Syniverse has been providing hundreds of carriers with roaming and other interconnection services, and it is now looking to take advantage of those relationships as operators enable international LTE roaming and Voice over LTE roaming between countries.
Syniverse is a firm believer in IP Exchange (IPX), the GSMA-backed model for the interoperability of IP traffic between different mobile operators and ISPs. IPX is seen by some operators as a key element to delivering interoperability for VoLTE and other LTE-related services.
In a recent interview with FierceWirelessTech, Syniverse CEO Steve Gray noted that 318 carriers worldwide have announced LTE networks, referencing a figure from a July report from the Global mobile Suppliers Association. Gray said Syniverse has relationships with 159 of those 318 carriers and added that the company now has 400 roaming routes on its global network, with 600 more in testing or trials.
Gray became CEO in late August, a few weeks after Syniverse completed its $292 million acquisition of Aicent, which bolstered Syniverse's position in the IPX and LTE roaming markets. Syniverse is also banking on continued growth as a result of its deal to acquire Mach, which closed in July 2013 and gave the company a larger footprint in roaming and messaging services. Gray said that, after the two deals, Syniverse now has 100 physical facilities throughout the world where carriers, ISPs and enterprises can connect with the company's network, as well as many more virtual connection points.
Gray said the company now controls 90 percent of the major international IP-traffic highways, especially for LTE data. "We think we have an unrivaled footprint in terms of being able to capitalize on it," he said.
In the U.S., AT&T Mobility (NYSE: T) has been one of the leading proponents of international LTE roaming, having signed deals with carriers in at least 15 countries. Syniverse is working with AT&T on LTE roaming, Gray confirmed, and was also behind an LTE roaming deal between T-Mobile US (NYSE:TMUS) and the Alaska Wireless Network, a partnership between GCI and Alaska Communications.
Gray said that two-thirds of Syniverse's revenue comes from domestic deals and one-third is international. Over the next five years he expects there to be a "substantive" shift in that mix. He said that a 50-50 split might be "a little aggressive" but that there is more opportunity internationally than in the U.S.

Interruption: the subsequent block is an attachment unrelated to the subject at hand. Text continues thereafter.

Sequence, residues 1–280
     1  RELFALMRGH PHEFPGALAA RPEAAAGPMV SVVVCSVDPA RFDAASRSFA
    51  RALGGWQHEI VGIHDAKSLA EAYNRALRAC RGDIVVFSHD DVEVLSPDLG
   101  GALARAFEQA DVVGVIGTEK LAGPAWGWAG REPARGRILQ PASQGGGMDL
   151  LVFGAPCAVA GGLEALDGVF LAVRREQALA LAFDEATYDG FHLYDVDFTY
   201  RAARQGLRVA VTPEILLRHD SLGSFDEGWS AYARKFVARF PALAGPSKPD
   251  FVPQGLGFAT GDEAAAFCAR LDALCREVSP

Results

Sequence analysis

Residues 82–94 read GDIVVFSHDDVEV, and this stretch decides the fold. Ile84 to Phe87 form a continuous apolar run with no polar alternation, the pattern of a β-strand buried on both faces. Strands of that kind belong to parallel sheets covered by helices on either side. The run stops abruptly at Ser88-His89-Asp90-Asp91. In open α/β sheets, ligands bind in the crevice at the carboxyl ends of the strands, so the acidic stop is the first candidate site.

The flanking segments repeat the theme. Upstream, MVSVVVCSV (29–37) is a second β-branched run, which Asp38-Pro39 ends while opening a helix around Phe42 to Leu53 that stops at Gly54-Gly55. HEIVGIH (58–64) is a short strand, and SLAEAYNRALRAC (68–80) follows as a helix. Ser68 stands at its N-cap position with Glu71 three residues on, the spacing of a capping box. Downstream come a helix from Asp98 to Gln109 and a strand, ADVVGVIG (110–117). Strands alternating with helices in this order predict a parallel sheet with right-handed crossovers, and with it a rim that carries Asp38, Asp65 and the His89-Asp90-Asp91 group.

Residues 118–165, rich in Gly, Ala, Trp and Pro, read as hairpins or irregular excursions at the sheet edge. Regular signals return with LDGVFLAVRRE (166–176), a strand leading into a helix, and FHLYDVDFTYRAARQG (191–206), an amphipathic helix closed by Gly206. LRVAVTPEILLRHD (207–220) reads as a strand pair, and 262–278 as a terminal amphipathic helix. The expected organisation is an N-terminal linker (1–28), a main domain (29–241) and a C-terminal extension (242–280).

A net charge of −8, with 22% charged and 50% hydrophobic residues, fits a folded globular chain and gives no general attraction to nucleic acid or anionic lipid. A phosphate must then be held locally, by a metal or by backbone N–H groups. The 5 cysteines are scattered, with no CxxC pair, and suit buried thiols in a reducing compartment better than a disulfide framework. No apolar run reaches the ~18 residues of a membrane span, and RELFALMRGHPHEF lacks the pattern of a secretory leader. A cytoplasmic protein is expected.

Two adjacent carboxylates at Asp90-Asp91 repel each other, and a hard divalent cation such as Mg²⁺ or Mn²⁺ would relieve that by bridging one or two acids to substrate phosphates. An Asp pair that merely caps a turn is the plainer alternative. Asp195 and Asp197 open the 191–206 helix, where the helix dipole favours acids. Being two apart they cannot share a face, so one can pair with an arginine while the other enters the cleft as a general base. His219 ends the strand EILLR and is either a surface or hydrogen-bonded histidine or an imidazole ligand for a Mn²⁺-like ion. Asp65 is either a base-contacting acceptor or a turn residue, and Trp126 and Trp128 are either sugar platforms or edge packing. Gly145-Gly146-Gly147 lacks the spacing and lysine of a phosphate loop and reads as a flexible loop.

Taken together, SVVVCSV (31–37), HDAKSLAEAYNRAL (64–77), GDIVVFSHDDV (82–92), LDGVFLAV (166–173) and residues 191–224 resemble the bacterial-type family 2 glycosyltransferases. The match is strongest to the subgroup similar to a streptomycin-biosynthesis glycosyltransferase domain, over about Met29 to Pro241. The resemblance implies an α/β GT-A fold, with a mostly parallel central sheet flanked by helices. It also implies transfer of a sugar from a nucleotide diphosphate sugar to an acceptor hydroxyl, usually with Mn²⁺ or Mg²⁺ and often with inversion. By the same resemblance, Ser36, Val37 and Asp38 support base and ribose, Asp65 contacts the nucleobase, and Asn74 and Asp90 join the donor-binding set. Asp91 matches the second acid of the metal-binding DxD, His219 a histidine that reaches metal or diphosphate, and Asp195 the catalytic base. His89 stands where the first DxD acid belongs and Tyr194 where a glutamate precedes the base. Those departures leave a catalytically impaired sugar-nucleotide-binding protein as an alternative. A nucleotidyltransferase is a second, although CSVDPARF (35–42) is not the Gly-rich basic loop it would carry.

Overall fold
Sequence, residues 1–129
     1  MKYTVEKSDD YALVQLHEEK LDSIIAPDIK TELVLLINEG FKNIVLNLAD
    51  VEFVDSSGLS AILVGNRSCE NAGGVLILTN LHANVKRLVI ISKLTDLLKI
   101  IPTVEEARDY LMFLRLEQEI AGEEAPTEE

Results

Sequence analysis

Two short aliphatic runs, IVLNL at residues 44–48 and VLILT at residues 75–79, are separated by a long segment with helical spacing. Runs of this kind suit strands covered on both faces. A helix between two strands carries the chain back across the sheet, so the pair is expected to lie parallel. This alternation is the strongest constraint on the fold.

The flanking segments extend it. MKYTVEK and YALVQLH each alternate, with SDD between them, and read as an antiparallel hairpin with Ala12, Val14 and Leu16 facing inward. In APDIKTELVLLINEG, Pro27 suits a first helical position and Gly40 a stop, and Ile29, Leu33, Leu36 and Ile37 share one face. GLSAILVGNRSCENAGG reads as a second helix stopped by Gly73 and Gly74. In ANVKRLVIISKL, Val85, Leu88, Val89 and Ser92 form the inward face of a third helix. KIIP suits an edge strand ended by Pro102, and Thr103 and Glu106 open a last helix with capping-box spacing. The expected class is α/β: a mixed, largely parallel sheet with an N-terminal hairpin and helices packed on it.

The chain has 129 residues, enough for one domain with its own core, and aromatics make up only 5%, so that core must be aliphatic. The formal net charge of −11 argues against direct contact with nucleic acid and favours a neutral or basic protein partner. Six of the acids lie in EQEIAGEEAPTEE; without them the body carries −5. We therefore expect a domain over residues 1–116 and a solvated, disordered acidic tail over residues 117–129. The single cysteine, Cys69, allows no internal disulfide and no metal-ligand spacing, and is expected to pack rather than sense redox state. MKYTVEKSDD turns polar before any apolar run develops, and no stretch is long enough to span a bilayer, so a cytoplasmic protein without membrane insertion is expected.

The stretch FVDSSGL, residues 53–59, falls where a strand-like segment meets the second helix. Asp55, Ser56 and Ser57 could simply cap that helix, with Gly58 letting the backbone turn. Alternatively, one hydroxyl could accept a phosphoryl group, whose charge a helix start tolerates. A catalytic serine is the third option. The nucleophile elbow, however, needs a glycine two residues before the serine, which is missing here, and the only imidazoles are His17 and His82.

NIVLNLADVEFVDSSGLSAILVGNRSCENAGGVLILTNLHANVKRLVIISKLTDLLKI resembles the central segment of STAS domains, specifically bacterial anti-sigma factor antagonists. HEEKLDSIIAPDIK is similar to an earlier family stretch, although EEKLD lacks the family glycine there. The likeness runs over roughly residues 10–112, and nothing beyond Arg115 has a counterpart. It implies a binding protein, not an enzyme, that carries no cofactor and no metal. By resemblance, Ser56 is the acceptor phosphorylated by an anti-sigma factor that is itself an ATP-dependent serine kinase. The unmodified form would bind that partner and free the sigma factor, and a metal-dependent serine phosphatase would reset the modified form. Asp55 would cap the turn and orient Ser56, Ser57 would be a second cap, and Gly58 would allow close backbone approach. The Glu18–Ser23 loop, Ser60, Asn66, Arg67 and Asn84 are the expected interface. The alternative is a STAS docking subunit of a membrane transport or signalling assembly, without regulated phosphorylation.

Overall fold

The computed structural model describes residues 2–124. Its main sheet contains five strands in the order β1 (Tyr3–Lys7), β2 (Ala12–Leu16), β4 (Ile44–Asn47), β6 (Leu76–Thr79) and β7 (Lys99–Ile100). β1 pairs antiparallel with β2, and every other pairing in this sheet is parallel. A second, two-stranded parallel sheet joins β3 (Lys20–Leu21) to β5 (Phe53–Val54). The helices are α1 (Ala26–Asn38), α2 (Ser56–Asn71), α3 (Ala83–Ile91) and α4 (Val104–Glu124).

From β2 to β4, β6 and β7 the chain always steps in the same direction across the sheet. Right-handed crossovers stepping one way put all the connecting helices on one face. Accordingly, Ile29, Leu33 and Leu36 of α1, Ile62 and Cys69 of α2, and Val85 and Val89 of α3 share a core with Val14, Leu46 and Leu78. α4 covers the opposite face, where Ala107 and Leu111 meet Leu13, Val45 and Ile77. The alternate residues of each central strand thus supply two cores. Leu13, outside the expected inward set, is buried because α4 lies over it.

John Wick, Syniverse's senior vice president and general manager for mobile transaction services, said the company has been building toward the shift to LTE and VoLTE since 2009, though the firm is not yet seeing much business as a result of VoLTE roaming (Syniverse is working on VoLTE trials with 13 carriers in four countries).
"The same carriers we are having conversations with about getting the LTE roaming environment up and running and healthy are the same ones we are talking to about VoLTE," he said, noting that VoLTE roaming and interoperability between markets like the U.S. and China will be a huge opportunity. He said the global voice network is moving to IPX, enabling carriers to ensure quality of service for VoLTE at an individual subscriber level.
"We're connected to all of the players," Wick said, adding that an interesting dynamic at play in terms of roaming behavior will be based on how much carriers want to focus on LTE roaming between carriers in their own countries and how much they want to focus internationally.
Gray noted that of 318 LTE carriers he referenced, anywhere from a third to 40 percent are in Europe, the Middle East and Africa, 25 percent are in Asia-Pacific, 10 percent are in Central and Latin America and less than 10 percent are in North America.
The rest of the world has caught up to North America in terms of LTE deployments, he said. "As far as intercarrier LTE roaming and IPX networking opportunities, the bigger challenge is going to be in the rest of the world," as opposed to North America, he said.
Not everything has been going swimmingly at Syniverse. Gray, who had been a Syniverse board member since January 2011, acknowledged that one of his first priorities upon taking over for Jeffrey Gordon was to assess the company's work force and management team.
Gray said the company has cut 6 to 7 percent of its workforce of roughly 2,600 to 2,700 employees, or around 156 to 190 jobs. He said he would not characterize the cuts as significant and said he expected that by this time in 2015 the company will have about as many employees as it has now, or maybe a little more.
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